The Institutional Review Board (IRB) is the ultimate authority for defining security and privacy compliance policies. To share sensitive medical information among institutions would require IRBs’ approval and an individual trust agreement needs to be established (n^2 problem) Currently, two data sharing mechanisms among institutions: Public data, no access control is required Sensitive data, access control is required The concept of assurance level does not exist in the current practices of healthcare industry Healthcare SOA security problems are complex as epitomized by Infrastructure Gaps: Some institutions are using Excel sharing data while some are using biomedical informatics systems Scientific vs. Engineering Mindset: Enthusiastic about technologies, needs to understand the importance of having an integrated engineering process Regulatory Compliance: IRBs are very conservative in crafting data sharing policies. Large scale agreement is difficult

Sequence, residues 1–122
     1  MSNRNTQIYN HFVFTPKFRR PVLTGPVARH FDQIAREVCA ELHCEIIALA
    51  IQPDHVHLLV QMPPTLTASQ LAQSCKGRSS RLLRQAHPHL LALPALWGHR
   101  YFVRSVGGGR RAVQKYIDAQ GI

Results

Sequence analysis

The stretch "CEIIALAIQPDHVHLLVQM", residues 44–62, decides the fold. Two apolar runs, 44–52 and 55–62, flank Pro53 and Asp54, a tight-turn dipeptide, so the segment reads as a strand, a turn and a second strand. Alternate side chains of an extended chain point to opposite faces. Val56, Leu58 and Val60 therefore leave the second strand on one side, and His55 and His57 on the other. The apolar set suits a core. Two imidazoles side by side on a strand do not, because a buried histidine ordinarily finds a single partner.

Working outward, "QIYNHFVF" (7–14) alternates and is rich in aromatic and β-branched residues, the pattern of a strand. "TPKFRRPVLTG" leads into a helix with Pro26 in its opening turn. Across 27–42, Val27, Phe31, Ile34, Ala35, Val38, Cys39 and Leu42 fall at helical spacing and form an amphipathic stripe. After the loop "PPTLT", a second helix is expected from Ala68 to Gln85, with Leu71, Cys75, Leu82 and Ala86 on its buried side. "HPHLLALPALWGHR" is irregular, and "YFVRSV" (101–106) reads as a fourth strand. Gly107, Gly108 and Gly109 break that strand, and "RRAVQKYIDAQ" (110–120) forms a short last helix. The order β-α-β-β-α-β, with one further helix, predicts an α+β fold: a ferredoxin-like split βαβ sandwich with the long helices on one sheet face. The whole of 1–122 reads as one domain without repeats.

34 Thank you for joining us!
For BAH Identity and Access Management Identity Federation Kenneth Lin Senior Consultant Booz | Allen | Hamilton Tel (703)

35

36 Example Security Architecture – SAFE
From caBIG™ security whitepaper


Download ppt "Agenda The Evolution of the Cancer Research and the Grid Infrastructure Grid Security Architecture and Federated Identity Management (FIM) FIM Use Cases."

Similar presentations


Ads by Google